What did you study at UNH?
What were you doing 1 year out of college?
I was living in Brooklyn, N.Y., and had just become a reporter for the Fire Island News, a seasonal newspaper that covers Fire Island, N.Y. My beat was Cherry Grove and Fire Island Pines — two of the most well-known gay beach communities in the U.S. — and Davis Park, which is a community on eastern Fire Island.
What were you doing 5 years out of college?
I was living in Brooklyn, N.Y., and had become the news editor for the Fire Island News. I not only covered Cherry Grove; Fire Island Pines and Davis Park, but I oversaw a team of columnists and contributors from all of Fire Island’s 17 communities, Long Island and New York City. I was also the National News Editor for the EDGE Media Network, which is an LGBT website. By 2009 I had also become an expert on LGBT-specific issues. I was making media appearances on WNYC, the New York City NPR station, and the BBC.
What were you doing 10 years out of college?
I moved to D.C. in the fall of 2011. The Washington Blade, which is the oldest LGBT newspaper in the U.S., hired me as a local reporter in May 2012. The bulk of my work at that time was to cover LGBT-specific issues in Virginia and Maryland. Additional assignments included the 2012 International AIDS Conference in D.C., and a 2014 trip to Mississippi, Alabama and Louisiana to document the LGBT rights movement in the Deep South. I also traveled to Puerto Rico, Colombia and Peru during this period for the Blade.
What are you doing now?
I became the Blade’s International News Editor in 2015.
The bulk of my work at the Blade now is to cover the LGBT rights movement around the world with a focus on Latin America. I have reported from Cuba three times since 2015. I have also reported from Mexico City, Guatemala, El Salvador, Honduras, Costa Rica, Panama, Colombia, Chile, Peru, Spain, the Netherlands, the Dominican Republic and Puerto Rico. Costa Rican Vice President Ana Helena Chacon, San Juan (Puerto Rico) Mayor Carmen Yulín Cruz and Canadian MP Randy Boissonnault, who is Prime Minister Justin Trudeau’s LGBT advisor, are among those who I have interviewed in recent years. I have also had the opportunity to question U.N. High Commissioner for Human Rights Zeid Ra’ad al-Hussein; former Vatican spokesperson Federico Lombardi; Mariela Castro, the daughter of Cuban President Raúl Castro, and other global figures. I have also become a sought-after expert on LGBT rights in Latin America. In recent years I have taken part in panels at the University of North Carolina-Chapel Hill, Amherst College, 2017 World Pride in Madrid, the 2013 ILGA World Conference in Mexico City, the Human Rights Campaign and at other venues. I also appear on radio and television stations in D.C. and around the country.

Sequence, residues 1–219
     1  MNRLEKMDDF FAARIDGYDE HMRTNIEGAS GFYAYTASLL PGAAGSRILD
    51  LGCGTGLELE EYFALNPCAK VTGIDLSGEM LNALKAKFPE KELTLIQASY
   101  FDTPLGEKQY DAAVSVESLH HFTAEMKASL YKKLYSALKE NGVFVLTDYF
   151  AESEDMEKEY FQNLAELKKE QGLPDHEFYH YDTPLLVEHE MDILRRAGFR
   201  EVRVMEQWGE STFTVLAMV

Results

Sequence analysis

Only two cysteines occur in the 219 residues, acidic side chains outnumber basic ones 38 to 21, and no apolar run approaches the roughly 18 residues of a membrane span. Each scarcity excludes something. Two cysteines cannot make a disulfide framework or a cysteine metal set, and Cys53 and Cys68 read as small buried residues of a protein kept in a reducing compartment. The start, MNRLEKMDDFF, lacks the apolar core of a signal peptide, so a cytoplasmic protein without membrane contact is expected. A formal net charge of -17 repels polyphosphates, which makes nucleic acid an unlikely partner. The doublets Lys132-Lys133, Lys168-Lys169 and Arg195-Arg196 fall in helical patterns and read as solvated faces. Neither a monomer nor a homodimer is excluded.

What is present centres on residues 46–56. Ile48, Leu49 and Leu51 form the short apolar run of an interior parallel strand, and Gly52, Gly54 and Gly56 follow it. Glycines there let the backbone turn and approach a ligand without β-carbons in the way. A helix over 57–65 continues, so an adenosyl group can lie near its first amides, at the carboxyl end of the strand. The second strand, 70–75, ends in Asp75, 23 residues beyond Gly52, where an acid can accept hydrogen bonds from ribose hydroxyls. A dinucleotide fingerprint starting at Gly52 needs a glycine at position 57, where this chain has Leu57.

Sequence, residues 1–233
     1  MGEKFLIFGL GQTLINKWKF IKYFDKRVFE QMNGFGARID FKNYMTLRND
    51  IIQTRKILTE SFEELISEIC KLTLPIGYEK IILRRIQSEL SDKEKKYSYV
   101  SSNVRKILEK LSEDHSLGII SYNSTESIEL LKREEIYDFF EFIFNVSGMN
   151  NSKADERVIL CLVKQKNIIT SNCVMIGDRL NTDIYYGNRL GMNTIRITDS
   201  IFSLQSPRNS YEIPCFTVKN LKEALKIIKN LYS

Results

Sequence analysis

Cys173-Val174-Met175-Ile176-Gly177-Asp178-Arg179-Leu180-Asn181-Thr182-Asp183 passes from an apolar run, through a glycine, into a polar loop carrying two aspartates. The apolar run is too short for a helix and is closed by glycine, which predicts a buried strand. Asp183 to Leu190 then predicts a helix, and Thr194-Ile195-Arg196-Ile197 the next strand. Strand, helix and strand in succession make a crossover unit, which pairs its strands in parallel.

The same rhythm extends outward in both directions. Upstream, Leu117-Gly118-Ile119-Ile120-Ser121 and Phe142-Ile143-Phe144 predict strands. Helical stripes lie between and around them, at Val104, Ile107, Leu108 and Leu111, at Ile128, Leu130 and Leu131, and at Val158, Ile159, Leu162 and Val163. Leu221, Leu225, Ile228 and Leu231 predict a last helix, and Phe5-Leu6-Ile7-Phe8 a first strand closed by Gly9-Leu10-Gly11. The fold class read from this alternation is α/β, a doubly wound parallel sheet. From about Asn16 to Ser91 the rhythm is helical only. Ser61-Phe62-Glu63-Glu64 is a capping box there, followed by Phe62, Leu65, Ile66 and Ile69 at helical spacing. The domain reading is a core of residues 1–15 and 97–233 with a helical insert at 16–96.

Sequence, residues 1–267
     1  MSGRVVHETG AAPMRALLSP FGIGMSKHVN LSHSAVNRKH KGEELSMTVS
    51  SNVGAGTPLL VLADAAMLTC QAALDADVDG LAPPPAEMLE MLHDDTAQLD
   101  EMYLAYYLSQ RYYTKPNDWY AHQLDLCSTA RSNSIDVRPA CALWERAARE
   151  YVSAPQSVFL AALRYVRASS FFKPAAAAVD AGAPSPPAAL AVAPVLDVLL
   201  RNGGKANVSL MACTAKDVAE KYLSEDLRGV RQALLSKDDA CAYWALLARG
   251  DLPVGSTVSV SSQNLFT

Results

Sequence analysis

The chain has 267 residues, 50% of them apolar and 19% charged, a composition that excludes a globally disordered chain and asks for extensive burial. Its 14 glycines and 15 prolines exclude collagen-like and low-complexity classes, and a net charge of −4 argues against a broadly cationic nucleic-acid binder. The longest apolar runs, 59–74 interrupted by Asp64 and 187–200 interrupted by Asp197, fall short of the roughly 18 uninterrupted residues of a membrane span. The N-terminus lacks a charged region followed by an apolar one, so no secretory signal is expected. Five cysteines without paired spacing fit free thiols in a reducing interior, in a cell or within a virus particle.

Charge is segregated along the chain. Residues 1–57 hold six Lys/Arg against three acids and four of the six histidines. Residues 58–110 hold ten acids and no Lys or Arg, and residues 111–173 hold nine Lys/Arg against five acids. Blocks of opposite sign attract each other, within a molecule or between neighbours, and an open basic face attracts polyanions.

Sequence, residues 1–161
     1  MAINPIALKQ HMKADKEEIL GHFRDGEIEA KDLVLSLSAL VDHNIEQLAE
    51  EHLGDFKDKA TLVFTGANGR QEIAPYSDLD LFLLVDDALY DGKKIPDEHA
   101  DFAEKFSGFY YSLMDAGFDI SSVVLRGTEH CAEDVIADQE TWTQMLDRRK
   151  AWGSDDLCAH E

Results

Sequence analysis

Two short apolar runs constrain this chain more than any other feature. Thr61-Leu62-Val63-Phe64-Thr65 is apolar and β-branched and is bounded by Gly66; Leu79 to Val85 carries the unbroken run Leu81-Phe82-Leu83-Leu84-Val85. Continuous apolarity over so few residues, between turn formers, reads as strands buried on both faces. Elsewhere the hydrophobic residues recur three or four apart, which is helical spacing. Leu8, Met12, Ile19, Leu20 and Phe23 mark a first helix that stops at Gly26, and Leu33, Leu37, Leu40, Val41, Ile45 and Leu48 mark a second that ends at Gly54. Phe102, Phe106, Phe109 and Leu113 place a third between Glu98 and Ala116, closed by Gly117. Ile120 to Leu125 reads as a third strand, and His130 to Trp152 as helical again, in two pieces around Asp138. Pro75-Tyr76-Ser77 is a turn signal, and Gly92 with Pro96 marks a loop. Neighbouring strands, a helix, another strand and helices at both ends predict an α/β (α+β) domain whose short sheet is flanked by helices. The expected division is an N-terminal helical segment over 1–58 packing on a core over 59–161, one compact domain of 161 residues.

Did you have an international experience (study, research, internship or volunteer abroad) while at UNH?
How do you feel your time at UNH has had an impact on where you are today?
I have made no secret of the fact that I wanted to leave New Hampshire as soon as I graduated from high school. UNH was admittedly not my first choice, but in the end, it worked out well. The UNH Journalism program is a first-rate program that really prepared me for the work that I do today. The opportunity to study abroad in Spain truly changed my life. I was able to immerse myself in a different culture and see there is a much larger world outside of the U.S. The time that I spent in Spain remains a defining experience of my life.
Why do you believe in UNH?
UNH provided me with the opportunity to pursue a career that I continue to find fulfilling and meaningful. UNH also provided me with the opportunity to learn about a world that is beyond Manchester, N.H., and the U.S. I am grateful for the opportunities that UNH provided to me.